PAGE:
I put those plastic imaginary planets away a few years ago. Rightly believing, I thought, that the next time I saw them it would probably be when the grandchildren come to visit, decades from now.
That was until a simple trip to the attic, to put more stuff away for spring, during a cold and rainy day, led two little boys down a trail where plans, dreams, and planets never quite realized, stirred their memory and triggered their imaginations.
Soon, that clutter-free kitchen was once again transformed into a toddler’s playground, while the attic was a little less cluttered for once.
A chance to re-kindle hope.
So it is with children. Play is never carefree. It is focused, determined and has a pre-conceived goal in mind. It brings stress — a good kind of stress, I believe — the kind that brings production and good ideas.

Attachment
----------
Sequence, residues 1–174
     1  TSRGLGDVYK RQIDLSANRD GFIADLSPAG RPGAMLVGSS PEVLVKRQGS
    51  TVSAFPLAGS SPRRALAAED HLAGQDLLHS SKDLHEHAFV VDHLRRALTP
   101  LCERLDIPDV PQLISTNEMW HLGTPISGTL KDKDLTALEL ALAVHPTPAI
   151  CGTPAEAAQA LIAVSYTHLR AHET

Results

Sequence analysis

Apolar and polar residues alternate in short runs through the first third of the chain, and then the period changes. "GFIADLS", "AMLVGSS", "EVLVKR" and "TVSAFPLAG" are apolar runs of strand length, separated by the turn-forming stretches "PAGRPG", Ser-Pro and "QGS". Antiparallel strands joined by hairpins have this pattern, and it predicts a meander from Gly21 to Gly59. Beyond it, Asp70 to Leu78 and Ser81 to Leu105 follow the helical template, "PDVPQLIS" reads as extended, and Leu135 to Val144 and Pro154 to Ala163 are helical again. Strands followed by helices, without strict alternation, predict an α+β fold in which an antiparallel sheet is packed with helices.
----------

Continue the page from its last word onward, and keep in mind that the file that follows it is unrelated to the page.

What was play like before? In the old days when toys didn’t have websites to show you all the additional sets and parts, with photos showing you how elaborate things could be? If only you only hadn’t lost some of your parts to the sweeper, or the dog.
Watching them them now, older and wiser, finally getting it right, but still not-quite-perfect, I wonder, how many more chances will they get to do a do-over.